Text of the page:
FRIEND and PREGnant Consortia was formed in 2019 with investigators from Yale University, Johns Hopkins, University of Colorado, Northwestern University, University of North Carolina and the University of Illinois. The Consortia conducts and publishes high quality clinical studies.
Endometriosis and Fibroids in women are frequently reported problems of women in their reproductive years that can cause heavy periods, pelvic pain and difficulty achieving pregnancy. For reproductive aged women who are dealing with infertility issues due to endometriosis, and the general health in women with fibroids, the out of pocket cost can be astronomical. Treatment for reproductive system disorders such as endometriosis or fibroids may result in the loss of childbearing potential. Relatively few interventions and treatments for these disorders have been subjected to rigorous scientific evaluation.
The long-term objective of the Consortia is to improve the care of women with disorders affecting the reproductive system by conducting controlled clinical trials of therapeutic interventions. Funding for this research is provided by the National Institutes of Health through the Eunice Kennedy Shriver National Institute of Child Health and Human Development (NICHD). Yale Collaborative Center for Statistics in Science (C²S²), New Haven, Connecticut, coordinates the clinical trials for the Consortia. For more information about our studies go to Consortia Studies.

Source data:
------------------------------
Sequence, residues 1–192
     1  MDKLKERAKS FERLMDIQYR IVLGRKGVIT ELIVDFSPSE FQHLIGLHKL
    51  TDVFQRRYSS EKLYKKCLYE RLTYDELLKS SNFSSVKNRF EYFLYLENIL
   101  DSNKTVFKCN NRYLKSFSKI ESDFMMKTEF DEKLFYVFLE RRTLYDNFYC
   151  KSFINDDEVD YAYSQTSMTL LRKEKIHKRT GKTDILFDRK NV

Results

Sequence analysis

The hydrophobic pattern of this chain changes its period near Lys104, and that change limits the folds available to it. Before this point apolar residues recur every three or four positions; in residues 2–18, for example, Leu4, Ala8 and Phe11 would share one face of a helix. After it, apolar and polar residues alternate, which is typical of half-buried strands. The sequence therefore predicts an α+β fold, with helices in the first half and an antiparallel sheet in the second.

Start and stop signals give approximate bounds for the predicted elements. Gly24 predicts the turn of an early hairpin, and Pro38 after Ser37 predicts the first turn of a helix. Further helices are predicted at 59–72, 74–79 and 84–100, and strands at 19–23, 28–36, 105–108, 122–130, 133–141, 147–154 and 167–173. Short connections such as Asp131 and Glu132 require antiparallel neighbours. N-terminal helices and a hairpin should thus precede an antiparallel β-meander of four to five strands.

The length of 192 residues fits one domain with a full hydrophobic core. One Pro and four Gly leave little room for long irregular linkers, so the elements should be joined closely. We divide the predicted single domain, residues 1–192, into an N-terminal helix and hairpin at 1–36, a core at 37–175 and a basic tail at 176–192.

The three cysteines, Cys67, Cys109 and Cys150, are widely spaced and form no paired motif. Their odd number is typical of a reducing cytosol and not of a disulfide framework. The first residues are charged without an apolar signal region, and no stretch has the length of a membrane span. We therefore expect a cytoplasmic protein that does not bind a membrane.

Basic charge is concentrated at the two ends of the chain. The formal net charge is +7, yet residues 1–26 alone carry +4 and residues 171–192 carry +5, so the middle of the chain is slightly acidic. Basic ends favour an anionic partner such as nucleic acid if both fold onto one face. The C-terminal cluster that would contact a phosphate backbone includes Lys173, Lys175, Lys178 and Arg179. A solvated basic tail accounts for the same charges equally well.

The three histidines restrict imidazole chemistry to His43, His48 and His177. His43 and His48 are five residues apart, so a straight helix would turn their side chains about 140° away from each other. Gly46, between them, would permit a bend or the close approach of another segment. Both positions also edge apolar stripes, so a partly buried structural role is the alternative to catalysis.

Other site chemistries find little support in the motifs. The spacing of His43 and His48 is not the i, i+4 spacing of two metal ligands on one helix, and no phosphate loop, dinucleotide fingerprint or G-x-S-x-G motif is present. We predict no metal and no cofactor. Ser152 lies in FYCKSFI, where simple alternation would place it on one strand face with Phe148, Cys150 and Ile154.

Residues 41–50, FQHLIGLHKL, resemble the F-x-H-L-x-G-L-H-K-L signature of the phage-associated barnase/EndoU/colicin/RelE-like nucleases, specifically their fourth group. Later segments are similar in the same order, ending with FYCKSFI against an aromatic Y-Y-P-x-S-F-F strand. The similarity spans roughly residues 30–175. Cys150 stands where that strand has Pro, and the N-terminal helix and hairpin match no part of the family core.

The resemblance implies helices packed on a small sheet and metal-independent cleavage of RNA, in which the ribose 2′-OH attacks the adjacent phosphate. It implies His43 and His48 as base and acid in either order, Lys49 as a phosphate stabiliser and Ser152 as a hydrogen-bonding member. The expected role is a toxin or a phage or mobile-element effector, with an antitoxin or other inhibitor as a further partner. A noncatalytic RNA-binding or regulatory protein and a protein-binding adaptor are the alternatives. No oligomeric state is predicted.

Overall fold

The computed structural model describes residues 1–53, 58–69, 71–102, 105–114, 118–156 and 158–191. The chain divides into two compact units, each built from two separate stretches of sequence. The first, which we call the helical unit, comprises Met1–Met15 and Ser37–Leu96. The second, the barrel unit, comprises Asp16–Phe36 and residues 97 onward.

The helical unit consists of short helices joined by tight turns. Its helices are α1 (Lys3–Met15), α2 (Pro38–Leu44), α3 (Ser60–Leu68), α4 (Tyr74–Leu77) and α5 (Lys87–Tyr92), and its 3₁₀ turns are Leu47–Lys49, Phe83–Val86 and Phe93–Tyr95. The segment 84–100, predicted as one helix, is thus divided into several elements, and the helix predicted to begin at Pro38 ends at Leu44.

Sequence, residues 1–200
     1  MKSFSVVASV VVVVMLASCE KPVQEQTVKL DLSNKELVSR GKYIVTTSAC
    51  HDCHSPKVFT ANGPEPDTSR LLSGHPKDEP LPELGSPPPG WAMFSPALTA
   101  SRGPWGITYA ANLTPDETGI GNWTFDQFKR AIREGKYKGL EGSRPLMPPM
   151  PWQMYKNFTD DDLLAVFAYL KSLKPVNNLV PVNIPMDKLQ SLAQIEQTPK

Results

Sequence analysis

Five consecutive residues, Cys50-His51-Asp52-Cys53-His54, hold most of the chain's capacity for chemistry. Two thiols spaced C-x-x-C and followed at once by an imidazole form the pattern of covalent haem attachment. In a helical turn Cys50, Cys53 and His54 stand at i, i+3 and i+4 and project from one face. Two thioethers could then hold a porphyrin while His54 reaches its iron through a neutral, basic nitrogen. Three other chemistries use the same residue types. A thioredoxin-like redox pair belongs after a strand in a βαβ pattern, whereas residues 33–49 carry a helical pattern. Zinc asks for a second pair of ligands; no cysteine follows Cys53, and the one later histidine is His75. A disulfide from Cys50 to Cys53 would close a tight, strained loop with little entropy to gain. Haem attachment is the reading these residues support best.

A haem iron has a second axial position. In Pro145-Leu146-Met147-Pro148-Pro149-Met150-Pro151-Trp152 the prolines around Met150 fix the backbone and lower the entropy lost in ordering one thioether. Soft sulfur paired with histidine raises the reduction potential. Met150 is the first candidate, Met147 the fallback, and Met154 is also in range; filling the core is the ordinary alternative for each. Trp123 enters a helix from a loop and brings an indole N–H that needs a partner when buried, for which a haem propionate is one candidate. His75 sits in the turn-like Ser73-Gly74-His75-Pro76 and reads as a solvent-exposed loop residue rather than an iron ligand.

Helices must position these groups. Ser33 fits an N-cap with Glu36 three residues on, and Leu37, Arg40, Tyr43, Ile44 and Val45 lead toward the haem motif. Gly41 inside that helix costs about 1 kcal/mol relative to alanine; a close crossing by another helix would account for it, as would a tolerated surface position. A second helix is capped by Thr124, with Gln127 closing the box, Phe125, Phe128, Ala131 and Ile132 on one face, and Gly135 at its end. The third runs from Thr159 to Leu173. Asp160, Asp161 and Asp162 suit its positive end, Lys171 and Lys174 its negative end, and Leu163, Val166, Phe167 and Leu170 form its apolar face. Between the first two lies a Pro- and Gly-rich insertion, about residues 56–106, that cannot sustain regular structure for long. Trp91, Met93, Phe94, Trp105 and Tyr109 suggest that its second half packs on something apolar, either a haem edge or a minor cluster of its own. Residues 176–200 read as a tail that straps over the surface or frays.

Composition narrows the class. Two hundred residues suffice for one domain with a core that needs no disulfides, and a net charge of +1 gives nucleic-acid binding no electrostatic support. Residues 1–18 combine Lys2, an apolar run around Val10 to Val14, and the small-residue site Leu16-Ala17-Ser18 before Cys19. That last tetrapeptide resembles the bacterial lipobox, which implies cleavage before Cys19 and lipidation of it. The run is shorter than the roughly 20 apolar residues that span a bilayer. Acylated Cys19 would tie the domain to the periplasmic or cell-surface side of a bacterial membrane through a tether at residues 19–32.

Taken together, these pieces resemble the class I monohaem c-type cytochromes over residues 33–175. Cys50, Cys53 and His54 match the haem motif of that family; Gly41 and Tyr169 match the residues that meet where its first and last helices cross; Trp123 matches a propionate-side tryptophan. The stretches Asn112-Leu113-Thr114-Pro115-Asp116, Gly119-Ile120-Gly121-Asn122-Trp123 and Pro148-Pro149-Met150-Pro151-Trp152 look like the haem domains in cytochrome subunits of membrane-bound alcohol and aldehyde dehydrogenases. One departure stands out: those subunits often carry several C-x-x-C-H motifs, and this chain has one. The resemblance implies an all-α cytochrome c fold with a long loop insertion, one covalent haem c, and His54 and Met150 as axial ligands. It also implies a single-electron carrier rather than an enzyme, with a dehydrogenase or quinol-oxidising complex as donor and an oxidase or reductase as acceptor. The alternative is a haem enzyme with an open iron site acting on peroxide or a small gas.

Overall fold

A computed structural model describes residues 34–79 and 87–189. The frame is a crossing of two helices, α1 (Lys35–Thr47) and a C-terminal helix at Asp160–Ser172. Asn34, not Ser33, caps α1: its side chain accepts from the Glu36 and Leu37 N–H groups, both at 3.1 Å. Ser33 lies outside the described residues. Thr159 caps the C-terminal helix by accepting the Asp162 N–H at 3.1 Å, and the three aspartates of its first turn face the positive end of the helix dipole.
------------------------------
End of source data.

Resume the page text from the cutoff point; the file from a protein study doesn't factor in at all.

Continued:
The goal is to conduct a prospective double-blind placebo-controlled trial that evaluates the likelihood of improving live birth rate through pre-IVF treatment with a GnRH antagonist in women with endometriosis.
Endometriosis has been estimated to affect up to 10–15% of reproductive aged women. Commonly, symptoms present during the reproductive years, being most widespread at 25–35 years of age. The association between endometriosis and infertility is well documented, however a definite cause-effect relationship is still controversial. The prevalence of endometriosis increases dramatically to as high as 25%– 50% in women with infertility and 30–50% of women with endometriosis have infertility.
Infertility is a common complication of endometriosis. While IVF successfully treats endometriosis-associated infertility, pregnancy rates are diminished compared to other etiologies of infertility. Our long- term objectives are to better identify and treat endometriosis related infertility. Our central hypothesis is that in infertile woman with endometriosis undergoing in vitro fertilization-embryo transfer (IVF-ET), live birth rates will improve in those pretreated with GnRH antagonist compared to placebo.
814 women with endometriosis between the ages of ≥18 and <38 years planning on undergoing IVF-ET for infertility management will be enrolled. This trial is funded by The Eunice Kennedy Shriver National Institutes of Child Health and Human Development (NICHD), National Institutes of Health (NIH).